6 Afghan Police Officers Killed by Rogue Officer Who Opens Fire

A rogue Afghan police officer opened fire at a checkpoint in southwest Afghanistan, killing six police officers and injuring two before being killed, an official said Monday.

The incident — the second time in two months that a police officer has turned on colleagues — is a reminder of the steep challenge NATO troops face as they work to build a national police force that will be able to provide security and allow international forces to eventually leave.

The shooting in southern Nimroz province occurred Sunday morning in Khash Rod district, said provincial police chief Gen. Abdul Jabar Pardeli.

"One of our policemen opened fire on his colleagues at the checkpoint," Pardeli said, adding that an investigation was under way to find what prompted the shooting.

He said the suspect escaped to Dil Aram — another district in the province — where he was identified by a patrol of Afghan police and army soldiers. The patrol tried to stop him, but he started shooting again and was killed in a gun battle.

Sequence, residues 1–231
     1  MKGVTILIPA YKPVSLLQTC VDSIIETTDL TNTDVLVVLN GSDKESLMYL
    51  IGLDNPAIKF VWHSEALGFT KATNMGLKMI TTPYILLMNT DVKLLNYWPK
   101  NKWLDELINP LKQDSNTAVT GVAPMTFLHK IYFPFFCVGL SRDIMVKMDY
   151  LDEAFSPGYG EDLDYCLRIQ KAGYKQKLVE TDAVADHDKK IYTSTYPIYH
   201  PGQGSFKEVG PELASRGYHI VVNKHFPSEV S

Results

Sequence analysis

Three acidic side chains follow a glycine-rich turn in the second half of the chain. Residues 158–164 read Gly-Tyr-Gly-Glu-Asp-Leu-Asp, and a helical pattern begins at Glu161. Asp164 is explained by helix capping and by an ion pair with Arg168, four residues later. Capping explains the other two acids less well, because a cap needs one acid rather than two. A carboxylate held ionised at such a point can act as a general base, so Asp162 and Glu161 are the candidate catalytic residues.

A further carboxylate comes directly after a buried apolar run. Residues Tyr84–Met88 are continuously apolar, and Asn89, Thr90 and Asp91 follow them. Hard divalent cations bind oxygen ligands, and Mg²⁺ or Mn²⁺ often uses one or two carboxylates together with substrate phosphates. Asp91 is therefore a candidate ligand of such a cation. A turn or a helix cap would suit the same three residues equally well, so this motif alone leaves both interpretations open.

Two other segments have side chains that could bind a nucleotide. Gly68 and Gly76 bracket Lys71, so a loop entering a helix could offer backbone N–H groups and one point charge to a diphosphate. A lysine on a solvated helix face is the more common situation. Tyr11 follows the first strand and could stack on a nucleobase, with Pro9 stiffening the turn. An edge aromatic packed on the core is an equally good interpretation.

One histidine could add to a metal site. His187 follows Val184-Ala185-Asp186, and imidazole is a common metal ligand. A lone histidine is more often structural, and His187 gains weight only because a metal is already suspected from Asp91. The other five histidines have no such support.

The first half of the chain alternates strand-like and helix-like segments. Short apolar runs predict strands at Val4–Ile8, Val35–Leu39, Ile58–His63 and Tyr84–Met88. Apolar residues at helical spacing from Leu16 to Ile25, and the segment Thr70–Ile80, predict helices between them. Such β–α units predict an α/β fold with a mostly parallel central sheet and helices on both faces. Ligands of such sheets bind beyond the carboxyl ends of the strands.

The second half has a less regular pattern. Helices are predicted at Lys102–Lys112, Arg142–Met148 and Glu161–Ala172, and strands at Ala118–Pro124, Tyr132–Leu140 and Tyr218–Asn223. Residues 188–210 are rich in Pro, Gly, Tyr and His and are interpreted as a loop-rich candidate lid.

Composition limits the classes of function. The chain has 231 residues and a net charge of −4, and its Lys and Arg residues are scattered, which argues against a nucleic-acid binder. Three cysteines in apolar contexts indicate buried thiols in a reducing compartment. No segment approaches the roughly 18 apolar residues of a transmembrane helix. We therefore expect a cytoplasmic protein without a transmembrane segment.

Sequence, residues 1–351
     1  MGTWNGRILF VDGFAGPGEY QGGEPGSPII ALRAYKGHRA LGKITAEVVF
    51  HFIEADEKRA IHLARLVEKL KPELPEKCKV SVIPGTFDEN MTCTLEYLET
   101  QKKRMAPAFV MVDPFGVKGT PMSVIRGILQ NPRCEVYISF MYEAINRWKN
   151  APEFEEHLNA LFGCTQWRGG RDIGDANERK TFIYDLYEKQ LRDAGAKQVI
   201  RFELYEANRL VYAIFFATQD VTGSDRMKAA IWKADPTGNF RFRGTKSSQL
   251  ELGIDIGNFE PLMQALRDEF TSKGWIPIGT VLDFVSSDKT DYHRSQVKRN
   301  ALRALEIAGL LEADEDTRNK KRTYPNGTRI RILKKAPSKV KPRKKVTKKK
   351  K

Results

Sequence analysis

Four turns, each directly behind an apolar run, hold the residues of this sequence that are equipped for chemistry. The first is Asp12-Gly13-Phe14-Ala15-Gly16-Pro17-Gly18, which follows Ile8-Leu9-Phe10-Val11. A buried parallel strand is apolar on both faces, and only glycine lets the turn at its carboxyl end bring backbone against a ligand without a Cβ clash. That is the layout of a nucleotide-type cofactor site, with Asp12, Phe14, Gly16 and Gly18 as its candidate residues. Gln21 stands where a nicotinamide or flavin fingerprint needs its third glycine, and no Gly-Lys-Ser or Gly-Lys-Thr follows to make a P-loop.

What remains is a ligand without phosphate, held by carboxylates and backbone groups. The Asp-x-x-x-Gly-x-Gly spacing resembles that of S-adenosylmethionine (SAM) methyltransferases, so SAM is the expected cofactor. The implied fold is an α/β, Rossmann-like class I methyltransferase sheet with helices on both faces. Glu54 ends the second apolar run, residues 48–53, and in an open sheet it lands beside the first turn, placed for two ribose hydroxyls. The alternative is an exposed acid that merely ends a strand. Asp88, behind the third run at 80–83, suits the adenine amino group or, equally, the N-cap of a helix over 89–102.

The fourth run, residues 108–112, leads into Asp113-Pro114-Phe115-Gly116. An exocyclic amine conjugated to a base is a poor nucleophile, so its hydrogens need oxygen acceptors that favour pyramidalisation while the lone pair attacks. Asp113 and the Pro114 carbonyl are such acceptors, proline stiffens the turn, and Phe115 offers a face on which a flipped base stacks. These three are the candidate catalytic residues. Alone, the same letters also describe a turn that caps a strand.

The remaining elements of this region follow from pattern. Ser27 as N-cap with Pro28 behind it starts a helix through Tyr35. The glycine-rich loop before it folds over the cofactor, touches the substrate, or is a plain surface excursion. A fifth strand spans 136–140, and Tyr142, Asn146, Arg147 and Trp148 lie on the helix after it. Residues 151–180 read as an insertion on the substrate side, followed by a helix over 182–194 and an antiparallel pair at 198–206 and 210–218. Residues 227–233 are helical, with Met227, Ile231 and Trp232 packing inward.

President Barack Obama is expected to announce a new Afghan strategy this week that includes tens of thousands more U.S. troops. The leading Senate Democrat on military matters said Sunday that any plan to significantly expand U.S. troop levels must show how those reinforcements will help increase the number of Afghan security forces.

Greater numbers of Afghan army and police are central to succeeding in the 8-year-old war, according to Sen. Carl Levin, chairman of the Senate Armed Services Committee, and more U.S. trainers and an infusion of battlefield gear will help meet that goal.

But it's unclear, Levin said, what role additional U.S. combat troops will play in that buildup, and Obama has to make a compelling case during a national address he's scheduled to give Tuesday night from the U.S. Military Academy at West Point, New York.

NATO's goal is to grow the largely uneducated police force into a professional force of about 134,000 officers by October 2010 from 94,000 today. But finding skilled recruits is difficult, and some of those joining the police now were recently on the side of the militants.

The push has been marked by violence. In October, a police officer opened fire on the British troops training him, killing five. Last year, police officers turned against American soldiers in two separate incidents, killing and wounding several.

In the same area as the latest shooting, a Turkish engineer for a private construction company has been missing since Sunday, when he drove out toward Dil Aram, Gov. Ghulam Dastagir Azad said.

In the north, meanwhile, two gunmen on a motorbike shot and killed the head of logistics for the provincial intelligence service late Sunday, said Jowzjan provincial police chief Khalilullah Aminzada.

And in southern Helmand province, Afghan and international forces killed two militants responsible for planting roadside bombs, the Defense Ministry said.